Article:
The Kyoto Accord was a start. It's an embarrassing little baby step in world-scale decision-making, but even so, it's proved too much for the likes of Canada's Conservative government, and of course they're going to go to hell when they die for being such moral cowards. But it must also be said that we've all wasted precious years thinking about global warming as an "environmental" problem, and the domain of a loveable but especially inarticulate tendency within a general liberal-left pattern that has been with us since around the time of the first Earth Day, in 1970.

This pattern seriously discredited left-wing politics in the eyes of many working-class voters, who felt the cohesion of their social order under assault in this turbulent period. Liberal fellow travelers compounded the problem by indulging the belligerent posturing of the New Left, frequently adopting it as a fashion statement.

Global warming is a macro-economic problem, with vast ecological, cultural and geopolitical implications. It may be the greatest single impediment to global human progress. Its impact will be felt mainly by the poor. In other words, it's a class problem.

That's the point that I would have liked to make.

Tune in to CBC Newsworld tomorrow at 10 p.m. After the show you can contribute your own comments on-line, here.

Thursday, September 14, 2006

T’ixwelátsa Is Coming Home to Chilliwack, At Last

. . . Down through the ages, generations of Chilliwack people cared for the stone T’ixwelátsa, assigning him a place of honour outside the great houses of important Chilliwack families. The statue was venerated as physical evidence of the Chilliwacks’ association with their homelands from the beginning of time, and also of that moment in history when X:als moved across the face of the earth and created a world in which people flourished and prospered.

Then came the smallpox, wave upon wave of European settlement, and confinement to Native reserves. The Chilliwacks were decimated, and there were empty villages everywhere. The Potlatch Law of 1884 disrupted the persistence of customary law by prohibiting the ceremonial assignment of duties, entitlements, and property. The Chilliwacks’ stone ancestor ended up alone in the ruins of an abandoned village, just east of the Huntington border crossing, south of Abbotsford.

On September 15, 1892, an article appeared in the Chilliwack Progress reporting that the Ward brothers, whose farm was situated not far from Vedder Crossing, had come upon “a curiously carved Indian image” on Sumas Prairie. “The image is about four feet high, and weighs about 600 lbs. It is evidently very ancient, and is quite intact, every detail being clearly defined.”

A century later, Herb Joe, chief of the Tzeachten band of the Chilliwack tribe—the man who had also inherited the name T’ixwelátsa—learned that the stone containing the soul of his tribe’s ancestor, the statue that had been so long venerated by the Chilliwack people, was in the possession of the Burke Museum in Seattle.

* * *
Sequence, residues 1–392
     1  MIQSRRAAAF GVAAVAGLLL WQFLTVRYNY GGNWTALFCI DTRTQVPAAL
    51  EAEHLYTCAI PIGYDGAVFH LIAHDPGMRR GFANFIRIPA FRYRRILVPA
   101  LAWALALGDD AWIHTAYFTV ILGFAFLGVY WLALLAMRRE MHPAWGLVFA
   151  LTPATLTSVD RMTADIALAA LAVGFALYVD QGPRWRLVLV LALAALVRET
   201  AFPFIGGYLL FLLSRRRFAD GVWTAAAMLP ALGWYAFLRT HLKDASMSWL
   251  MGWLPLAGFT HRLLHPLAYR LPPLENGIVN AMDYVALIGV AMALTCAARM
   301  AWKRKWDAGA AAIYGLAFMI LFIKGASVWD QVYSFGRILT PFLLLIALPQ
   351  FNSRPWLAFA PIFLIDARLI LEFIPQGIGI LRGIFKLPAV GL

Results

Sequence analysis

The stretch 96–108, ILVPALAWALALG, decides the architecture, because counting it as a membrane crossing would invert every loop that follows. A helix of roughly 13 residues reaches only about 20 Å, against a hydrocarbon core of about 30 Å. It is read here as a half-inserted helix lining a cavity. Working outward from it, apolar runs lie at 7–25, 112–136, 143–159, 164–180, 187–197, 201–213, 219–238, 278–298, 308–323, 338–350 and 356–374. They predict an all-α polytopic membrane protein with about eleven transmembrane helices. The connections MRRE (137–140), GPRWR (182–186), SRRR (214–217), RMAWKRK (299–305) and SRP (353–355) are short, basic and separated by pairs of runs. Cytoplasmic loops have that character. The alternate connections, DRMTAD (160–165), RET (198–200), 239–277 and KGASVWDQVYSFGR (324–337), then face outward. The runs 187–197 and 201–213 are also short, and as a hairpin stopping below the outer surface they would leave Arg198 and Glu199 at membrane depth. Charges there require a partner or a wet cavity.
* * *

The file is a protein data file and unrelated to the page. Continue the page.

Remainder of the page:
Joe set in motion a process of negotiations, research, applications, and proceedings under the United States’ Native American Graves Protection and Repatriation Act (NAGPRA). And the result, after all these years, is that the T’ixwelátsa stone, catalogue #152, accession #190, is finally coming home.

That's from my column this week, here.

I've been quiet lately. On account of moving, and getting ready for teaching again, and making top-secret plans for mischief of one kind and another.

But the new neighbourhood is pretty nice, I think. It's still quite a bit like this:

That's a painting by Edward Goodall. He always had an eye for this coast.

Monday, September 04, 2006

That Interview With Michael Ignatieff: The Unabridged, Annotated Version

It had been a long day.

Michael Ignatieff, frontrunner for the leadership of the Liberal Party of Canada, had just left a three day Liberal Caucus get-together in Vancouver. He’d headed east on Highway 1, with a small entourage, to make his way to Chilliwack, to meet with aboriginal leaders and a small group of Fraser Valley party members. On the way, he’d stopped in for a coffee at a Tim Horton’s and had been impressed by “four of the biggest Harley-Davidson hogs you’ve ever seen.”

His handlers had been trying to schedule our interview all summer, but whenever the candidate was on the West coast, I was somewhere else. So it was to be Chilliwack, and an hour in a booth of an empty restaurant in the cavernous tropical atrium of the Rainbow Country Inn. Some kids were splashing around in a swimming pool somewhere.

The article that resulted is
here. What follows is the transcript of our conversation.

I wanted to get straight into the controversial matter of his “muscular” liberalism. He didn’t flinch.

On Iraq:

“I’m very struck by the difficulty Canadians have in associating a progressive social agenda with a robust internationalism that does involve the use of force. The minute you say that you’re in favour of holding steady in Afghanistan and seeing it through, it’s automatically assumed that you’re on the far right, or `Harper lite’, when really, nothing could be further from the truth.